The statement singled out a block that it said is one mile from an island in the Paracel Island chain, which both countries claim.

"The Chinese activities constitute serious violations of Vietnam's sovereignty over Hoang Sa archipelago," the statement read, referring to the islands by the Vietnamese name. "Vietnam asks China to respect Vietnam's sovereignty … and make substantive contribution to maintaining peace and stability in the East Sea."

At a daily Foreign Ministry news briefing in Beijing Friday, spokesman Liu Weimin reiterated long-standing assertions by Beijing that the South China Sea was an inseparable part of Chinese territory. The sea is also partly claimed by the Philippines, Malaysia, Brunei and Taiwan.

China detains Vietnamese fishermen in disputed South China Sea
"Recently, more than 100 Vietnamese fishing boats entered the waters around the Paracel Islands for illegal fishing. Unable to drive them out, relevant Chinese authorities investigated and dealt with a Vietnamese boat and 21 fishermen in accordance with the law," Chinese Foreign Ministry spokesman Hong Lei said.

"China has irrefutable sovereignty over the Paracel Islands, and there is no dispute over this. Vietnamese fishing activities infringe on China's sovereignty and maritime rights," he told a daily news briefing.

"The relevant actions by Chinese authorities are completely proper, law enforcement actions. We hope that Vietnam takes effective measures to earnestly manage and educate its fishermen and stop their invasive fishing."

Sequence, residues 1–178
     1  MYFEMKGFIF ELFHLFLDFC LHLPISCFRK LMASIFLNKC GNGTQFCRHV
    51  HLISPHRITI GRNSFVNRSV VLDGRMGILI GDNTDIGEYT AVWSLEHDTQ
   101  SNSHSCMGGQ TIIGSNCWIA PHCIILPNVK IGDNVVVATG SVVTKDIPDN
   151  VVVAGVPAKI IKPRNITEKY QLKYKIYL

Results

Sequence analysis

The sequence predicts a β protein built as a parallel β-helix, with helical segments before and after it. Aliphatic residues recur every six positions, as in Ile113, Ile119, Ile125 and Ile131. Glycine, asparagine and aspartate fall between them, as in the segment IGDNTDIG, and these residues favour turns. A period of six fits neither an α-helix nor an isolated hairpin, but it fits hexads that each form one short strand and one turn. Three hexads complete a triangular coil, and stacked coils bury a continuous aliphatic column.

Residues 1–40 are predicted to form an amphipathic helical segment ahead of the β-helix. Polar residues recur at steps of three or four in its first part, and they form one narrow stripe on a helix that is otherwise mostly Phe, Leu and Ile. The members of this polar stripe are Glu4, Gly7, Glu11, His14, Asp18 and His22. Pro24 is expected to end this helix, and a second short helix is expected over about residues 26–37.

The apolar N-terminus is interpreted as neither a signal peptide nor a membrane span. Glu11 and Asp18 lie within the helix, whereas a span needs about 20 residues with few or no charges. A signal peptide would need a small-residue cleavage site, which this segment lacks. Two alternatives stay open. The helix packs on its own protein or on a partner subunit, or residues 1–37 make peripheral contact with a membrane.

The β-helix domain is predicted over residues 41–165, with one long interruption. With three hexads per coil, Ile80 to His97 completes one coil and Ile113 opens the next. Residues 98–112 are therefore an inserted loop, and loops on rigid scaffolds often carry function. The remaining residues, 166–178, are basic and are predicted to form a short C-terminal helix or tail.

But Vietnamese Foreign Ministry spokesman Luong Thanh Nghi said it was China that had violated Vietnam's sovereignty.

"Vietnam demands that China immediately and unconditionally release these fishermen and the fishing vessels, and to cease the detention ... of Vietnamese fishermen in the waters of Vietnam," he said.

"A representative from Vietnam's Foreign Affairs Ministry has met with the Chinese embassy to give them a diplomatic note outlining Vietnam's position, and will continue the fight to resolve this matter and protect the legitimate rights of Vietnamese fishermen."

China, the Philippines, Malaysia, Brunei, Vietnam and Taiwan all claim territory in the South China Sea. China's claim is the largest, covering a big U-shape over most of the sea's 648,000 square miles (1.7 million square km), including the Spratly and Paracel archipelagos.

China has insisted on handling the disputes on a one-on-one basis rather than multilaterally, a strategy some critics have described as "divide and conquer". China says its sovereignty is indisputable and historically based.

Occupy Spratly Islands! Vietnamese monks sent to live on disputed South China Sea territory
Vietnam has adopted a new strategy to secure disputed sea territory: send buddhist monks to reclaim derelict shrines on the Spratly Islands. There, the monks will oversee temple operations and lead prayers in an effort to instill a region scattered with military and industrial buildings (and no indigenous people) with some spiritual life.

It's a noble story, but one with strong economic/political undercurrents. China, Vietnam, and four other nations currently claim areas of the virtually desolate archipelago, but Vietnam's resurrection of the region's dormant culture may lend it some leverage in the land dispute.

Pulling the culture/religion card might also help throw the scent off the money trail as the Spratly Islands abound with oil and gas - riches Vietnam will not be able to tap if it goes tete-a-tete with an ever-growing Chinese navy.

However, Vietnam does not hold longstanding cultural ties to the region, no more than any of the other countries squabbling over the region, which include the Philippines, Brunei, Malaysia and Taiwan in addition to Vietnam and China.